“Wildlife sightings are commonplace for anyone who spends time on Virginia’s highways. But many drivers are also all too familiar with the danger that can arise quickly when animals venture into the human-made spaces crisscrossing their habitats.
Virginia drivers have a one in 74 chance of striking an animal, according to insurance statistics compiled by State Farm, a number that consistently puts Virginia among or near the top-10 most dangerous states for vehicle-animal collisions.
But state officials are hoping to change that by requiring a more thoughtful approach to how transportation infrastructure might affect wildlife.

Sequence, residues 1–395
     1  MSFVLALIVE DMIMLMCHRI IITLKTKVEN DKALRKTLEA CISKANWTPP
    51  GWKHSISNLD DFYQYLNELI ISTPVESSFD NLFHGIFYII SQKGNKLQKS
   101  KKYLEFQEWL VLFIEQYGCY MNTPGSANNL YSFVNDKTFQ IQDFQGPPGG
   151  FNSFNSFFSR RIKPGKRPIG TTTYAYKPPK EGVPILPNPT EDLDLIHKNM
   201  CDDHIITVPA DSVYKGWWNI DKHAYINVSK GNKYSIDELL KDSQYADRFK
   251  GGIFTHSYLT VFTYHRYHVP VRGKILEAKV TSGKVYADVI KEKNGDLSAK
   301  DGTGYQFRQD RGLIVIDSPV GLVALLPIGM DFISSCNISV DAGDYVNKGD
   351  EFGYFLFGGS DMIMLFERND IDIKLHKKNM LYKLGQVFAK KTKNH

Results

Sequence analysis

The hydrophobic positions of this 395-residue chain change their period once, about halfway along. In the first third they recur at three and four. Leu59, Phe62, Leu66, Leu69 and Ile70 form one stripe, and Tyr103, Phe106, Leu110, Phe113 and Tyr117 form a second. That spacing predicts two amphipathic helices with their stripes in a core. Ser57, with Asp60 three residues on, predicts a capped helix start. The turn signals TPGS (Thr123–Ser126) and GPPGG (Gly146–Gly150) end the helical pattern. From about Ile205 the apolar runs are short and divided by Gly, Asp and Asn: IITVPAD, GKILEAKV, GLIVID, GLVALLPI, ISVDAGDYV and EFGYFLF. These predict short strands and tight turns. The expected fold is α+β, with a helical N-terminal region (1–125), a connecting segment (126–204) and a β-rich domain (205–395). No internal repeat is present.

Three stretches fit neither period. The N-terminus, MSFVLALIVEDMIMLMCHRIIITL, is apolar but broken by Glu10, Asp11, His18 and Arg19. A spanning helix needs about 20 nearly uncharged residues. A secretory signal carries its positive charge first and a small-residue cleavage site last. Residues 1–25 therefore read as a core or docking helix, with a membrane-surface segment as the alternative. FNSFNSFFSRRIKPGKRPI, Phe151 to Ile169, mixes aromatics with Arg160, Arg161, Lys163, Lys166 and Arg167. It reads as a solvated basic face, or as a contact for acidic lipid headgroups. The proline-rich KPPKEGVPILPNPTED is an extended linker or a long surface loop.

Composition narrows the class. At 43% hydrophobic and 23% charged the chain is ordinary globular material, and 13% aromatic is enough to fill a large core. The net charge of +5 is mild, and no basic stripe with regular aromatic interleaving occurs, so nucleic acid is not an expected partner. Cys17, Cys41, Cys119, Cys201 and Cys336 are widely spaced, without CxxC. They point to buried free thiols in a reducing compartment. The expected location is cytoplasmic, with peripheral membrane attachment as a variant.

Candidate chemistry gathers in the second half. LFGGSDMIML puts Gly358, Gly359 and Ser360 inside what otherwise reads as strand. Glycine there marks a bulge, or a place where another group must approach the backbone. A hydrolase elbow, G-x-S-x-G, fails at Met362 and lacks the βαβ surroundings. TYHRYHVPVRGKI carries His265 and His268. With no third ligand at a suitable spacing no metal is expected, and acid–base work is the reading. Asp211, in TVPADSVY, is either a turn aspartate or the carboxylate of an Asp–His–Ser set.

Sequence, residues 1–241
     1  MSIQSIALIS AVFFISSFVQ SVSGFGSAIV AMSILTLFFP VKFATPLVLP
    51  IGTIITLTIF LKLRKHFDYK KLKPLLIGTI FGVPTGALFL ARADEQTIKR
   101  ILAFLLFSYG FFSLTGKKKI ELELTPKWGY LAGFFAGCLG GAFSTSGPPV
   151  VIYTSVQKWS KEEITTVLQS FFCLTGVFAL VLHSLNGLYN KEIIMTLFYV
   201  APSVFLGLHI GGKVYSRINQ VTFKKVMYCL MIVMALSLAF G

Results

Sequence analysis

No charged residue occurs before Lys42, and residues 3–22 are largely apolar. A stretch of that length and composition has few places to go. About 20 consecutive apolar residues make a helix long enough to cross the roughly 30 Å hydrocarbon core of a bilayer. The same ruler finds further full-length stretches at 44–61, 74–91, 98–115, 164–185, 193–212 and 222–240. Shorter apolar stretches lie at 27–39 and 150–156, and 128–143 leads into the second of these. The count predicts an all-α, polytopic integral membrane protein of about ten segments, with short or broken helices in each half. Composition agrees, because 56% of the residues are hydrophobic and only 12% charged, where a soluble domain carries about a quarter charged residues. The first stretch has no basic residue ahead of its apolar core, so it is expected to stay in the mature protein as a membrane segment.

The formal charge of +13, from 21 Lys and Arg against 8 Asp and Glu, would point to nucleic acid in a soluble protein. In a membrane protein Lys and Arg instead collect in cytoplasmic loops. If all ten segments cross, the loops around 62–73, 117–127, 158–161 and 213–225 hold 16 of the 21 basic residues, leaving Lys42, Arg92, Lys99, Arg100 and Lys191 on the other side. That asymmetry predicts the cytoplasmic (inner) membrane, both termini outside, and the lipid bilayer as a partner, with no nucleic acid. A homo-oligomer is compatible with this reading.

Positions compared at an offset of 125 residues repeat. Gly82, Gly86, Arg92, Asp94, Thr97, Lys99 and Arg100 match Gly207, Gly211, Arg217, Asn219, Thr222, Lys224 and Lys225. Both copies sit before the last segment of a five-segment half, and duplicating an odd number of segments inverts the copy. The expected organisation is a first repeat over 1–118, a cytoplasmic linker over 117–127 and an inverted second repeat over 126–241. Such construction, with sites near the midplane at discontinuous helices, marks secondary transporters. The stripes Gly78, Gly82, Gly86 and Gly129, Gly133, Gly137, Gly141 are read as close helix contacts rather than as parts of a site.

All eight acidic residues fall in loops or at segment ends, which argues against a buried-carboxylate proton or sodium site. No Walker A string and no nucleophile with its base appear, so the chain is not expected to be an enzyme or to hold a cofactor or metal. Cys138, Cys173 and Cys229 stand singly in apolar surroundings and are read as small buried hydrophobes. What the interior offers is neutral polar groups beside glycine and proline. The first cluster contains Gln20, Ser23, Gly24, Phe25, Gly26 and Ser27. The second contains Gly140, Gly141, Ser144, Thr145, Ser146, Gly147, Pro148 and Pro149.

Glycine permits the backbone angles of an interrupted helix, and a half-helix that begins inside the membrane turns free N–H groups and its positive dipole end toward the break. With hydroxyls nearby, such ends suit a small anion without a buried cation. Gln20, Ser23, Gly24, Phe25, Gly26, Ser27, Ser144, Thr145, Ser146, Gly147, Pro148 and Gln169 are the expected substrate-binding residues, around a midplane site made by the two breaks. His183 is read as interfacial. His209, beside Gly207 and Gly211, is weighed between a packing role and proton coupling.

This year, the General Assembly passed legislation to create a Wildlife Corridor Action Plan, an effort to identify hotspots and recommend crossing projects – such as overpasses or underpasses – that might make life easier for both animals and humans.
It’s also projected to save money spent to repair damaged cars. Currently, collisions with deer alone cost an average of around $533 million per year, according to the state.
‘This thing just wins on so many levels,’ Sen. Dave Marsden, D-Fairfax, one of the bill’s patrons, said as he presented the proposal to the legislature in February.”